What’s industrial applicability?

Author: Danielle Carvey

Today, we again discuss the three “pillars” of patent law and explore industrial application or applicability, which is one of the patentability requirements. The invention is considered to be industrially applicable if subject matter experts can reproduce and make use of it based on their general knowledge.

The definition is more or less the same in many European countries: the possibility to be “made or used in any kind of industry, including agriculture” (Art. 57, the EPC).

Until recently, interpretation of the industrial application was limited to what is stated above, but in 2005 the Boards of Appeal of the EPO ruled that the requirement of industrial application is only fulfilled if there is commercial benefit from the practical application of the invention.

Fun fact: this requirement excludes a range of absurd inventions from being considered as patentable. For example, if an invention contradicts the laws of physics, it cannot be industrially applicable and is, therefore, not patentable.

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Filing for patent protection can be a complex and time-consuming process, but knowing where to start can alleviate some of the pressure for new applicants.

Initial Stages

One of the most crucial elements in the early stages of filing is grasping an understanding of the patent system itself, particularly in each country or region that you wish to obtain protection in.

As both individual countries and states, as well as regional patent systems, possess varying filing requirements and regulations, one of the most important first steps to consider are the jurisdictions in which protection would be sought for your invention. In order to do so, it may be necessary to consider the invention itself and the potential market(s) in which it could be placed.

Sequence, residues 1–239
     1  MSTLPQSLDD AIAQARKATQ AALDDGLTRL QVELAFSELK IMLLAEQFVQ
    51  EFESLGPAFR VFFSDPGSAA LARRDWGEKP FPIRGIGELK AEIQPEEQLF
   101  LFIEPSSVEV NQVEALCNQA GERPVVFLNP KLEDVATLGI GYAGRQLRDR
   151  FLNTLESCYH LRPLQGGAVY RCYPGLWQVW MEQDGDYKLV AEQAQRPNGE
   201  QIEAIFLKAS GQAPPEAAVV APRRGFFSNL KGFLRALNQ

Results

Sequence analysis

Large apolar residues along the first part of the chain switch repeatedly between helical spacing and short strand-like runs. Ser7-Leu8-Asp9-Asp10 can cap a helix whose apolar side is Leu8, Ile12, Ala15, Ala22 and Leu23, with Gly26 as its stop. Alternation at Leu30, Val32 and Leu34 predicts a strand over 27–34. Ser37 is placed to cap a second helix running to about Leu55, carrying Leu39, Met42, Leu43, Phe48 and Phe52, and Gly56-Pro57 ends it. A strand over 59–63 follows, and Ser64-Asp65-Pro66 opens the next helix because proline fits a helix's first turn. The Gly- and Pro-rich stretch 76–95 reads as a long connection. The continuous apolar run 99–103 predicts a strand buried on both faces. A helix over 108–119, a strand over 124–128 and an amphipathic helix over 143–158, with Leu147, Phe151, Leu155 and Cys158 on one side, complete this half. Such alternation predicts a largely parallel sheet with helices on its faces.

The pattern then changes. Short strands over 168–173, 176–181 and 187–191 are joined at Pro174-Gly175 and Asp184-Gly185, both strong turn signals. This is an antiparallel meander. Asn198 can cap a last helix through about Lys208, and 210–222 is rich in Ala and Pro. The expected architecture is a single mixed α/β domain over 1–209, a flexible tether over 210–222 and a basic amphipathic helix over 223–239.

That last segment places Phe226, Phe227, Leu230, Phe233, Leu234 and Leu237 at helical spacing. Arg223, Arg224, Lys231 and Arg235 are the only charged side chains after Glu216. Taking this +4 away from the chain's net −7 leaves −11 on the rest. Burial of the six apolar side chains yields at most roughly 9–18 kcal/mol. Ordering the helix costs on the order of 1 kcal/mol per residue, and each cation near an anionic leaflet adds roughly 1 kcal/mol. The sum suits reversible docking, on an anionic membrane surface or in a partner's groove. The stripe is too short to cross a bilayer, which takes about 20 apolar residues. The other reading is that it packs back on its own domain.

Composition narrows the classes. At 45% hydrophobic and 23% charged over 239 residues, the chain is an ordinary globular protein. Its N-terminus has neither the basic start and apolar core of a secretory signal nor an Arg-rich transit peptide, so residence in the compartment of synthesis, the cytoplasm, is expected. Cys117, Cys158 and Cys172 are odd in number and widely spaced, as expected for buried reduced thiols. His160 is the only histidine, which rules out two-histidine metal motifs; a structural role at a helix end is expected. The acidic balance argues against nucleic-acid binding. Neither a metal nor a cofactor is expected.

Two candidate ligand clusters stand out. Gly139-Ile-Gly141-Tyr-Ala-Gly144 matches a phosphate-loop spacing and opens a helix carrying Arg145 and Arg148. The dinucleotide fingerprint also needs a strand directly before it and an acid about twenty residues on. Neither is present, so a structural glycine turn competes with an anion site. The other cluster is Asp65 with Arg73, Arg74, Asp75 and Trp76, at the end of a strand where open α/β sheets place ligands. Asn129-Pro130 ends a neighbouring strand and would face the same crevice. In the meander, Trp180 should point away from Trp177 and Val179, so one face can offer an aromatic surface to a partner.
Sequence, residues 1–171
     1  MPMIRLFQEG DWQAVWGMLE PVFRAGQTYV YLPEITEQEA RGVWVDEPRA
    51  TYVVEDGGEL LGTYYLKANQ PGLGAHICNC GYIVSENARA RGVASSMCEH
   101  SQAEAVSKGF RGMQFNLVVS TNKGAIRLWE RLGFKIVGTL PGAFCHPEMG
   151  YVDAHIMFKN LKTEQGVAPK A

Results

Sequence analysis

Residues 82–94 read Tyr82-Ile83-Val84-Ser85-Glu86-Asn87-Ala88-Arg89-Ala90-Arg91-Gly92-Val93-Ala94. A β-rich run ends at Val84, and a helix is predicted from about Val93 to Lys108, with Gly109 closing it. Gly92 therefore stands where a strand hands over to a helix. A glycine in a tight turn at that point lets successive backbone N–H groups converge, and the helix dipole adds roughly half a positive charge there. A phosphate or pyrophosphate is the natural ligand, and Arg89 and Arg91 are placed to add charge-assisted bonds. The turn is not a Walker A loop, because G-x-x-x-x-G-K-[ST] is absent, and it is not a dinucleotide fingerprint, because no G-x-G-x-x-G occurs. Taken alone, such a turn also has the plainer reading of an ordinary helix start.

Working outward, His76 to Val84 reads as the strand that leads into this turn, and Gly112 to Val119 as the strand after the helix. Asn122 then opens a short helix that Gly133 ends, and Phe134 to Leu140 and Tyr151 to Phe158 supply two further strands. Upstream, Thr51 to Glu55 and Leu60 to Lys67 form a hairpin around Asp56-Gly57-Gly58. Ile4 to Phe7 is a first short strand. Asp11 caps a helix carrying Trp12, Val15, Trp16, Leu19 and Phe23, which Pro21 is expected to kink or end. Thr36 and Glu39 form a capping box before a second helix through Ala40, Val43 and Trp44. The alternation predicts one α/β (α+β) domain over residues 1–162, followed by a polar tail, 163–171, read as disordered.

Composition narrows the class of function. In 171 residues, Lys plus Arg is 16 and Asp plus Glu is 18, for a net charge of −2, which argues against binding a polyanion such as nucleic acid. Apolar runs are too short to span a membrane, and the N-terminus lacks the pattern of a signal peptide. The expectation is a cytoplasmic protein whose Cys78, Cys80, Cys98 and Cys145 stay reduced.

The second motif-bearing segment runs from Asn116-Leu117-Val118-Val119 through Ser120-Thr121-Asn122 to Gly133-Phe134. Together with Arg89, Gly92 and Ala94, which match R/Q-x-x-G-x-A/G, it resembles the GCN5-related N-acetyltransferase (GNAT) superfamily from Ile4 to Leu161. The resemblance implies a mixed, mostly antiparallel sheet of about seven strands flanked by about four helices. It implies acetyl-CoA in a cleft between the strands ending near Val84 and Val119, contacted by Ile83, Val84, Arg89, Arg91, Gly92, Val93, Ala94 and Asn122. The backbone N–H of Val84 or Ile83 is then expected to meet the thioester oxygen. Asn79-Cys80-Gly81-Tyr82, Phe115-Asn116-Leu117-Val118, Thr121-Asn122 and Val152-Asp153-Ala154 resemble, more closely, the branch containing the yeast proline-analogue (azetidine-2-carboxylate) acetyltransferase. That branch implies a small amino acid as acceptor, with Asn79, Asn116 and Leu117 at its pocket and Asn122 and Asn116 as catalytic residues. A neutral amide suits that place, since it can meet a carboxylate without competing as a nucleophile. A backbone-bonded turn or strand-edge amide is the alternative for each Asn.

In order to effectively evaluate and consider the IP legislation and regulations of any jurisdiction of interest, it is advisable to consult with a patent attorney or agent who is well-versed in the patent laws of that particular state. The greater understanding of the requirements of each country or region that you wish to obtain protection in, the better, as a more comprehensive and thought out application may prevent potentially time consuming and costly office actions later on.


A vital part of the initial stages of the patent protection process is the conducting of patentability and prior art searches. Such comprehensive searches should be undertaken prior to the drafting of a patent application to ensure that your invention is unique (novel) and does not infringe on existing patents. Moreover, you will be unsuccessful in obtaining a patent if your invention has already been publicly disclosed, however most jurisdictions have a grace period during which disclosure is disregarded. This period will vary from country to country.

The requirement of novelty is one of the most crucial criteria of patentability for a patent, thus a comprehensive search and comparison of inventions similar to yours can provide a more solid basis for a patent application and in turn, provide for a higher chance of successful outcome.

Such searches can be conducted through the IPO in which protection is sought, or via patent databases, publications, and other relevant resources. Moreover, the undertaking of a search can be a pivotal moment in the decisions an applicant takes in terms of filing and defining the scope of protection, as the results can indicate whether an applicant should be filing for a patent for an invention or utility model, for example.

Patent Application Drafting

Once you have considered the initial elements of your invention and have some understanding as to what may be required in the potential jurisdictions you wish to file for patent protection, the next vital step is the drafting of a patent application itself.

In order to have the best chances of success, patent applications should be detailed and well-written, and a solid understanding of what is required from each jurisdiction in which you wish to file is helpful. A patent application should typically include an abstract, a written description of the invention, drawings or diagrams (if applicable), and a list of the claims that define the scope of protection further given to your invention.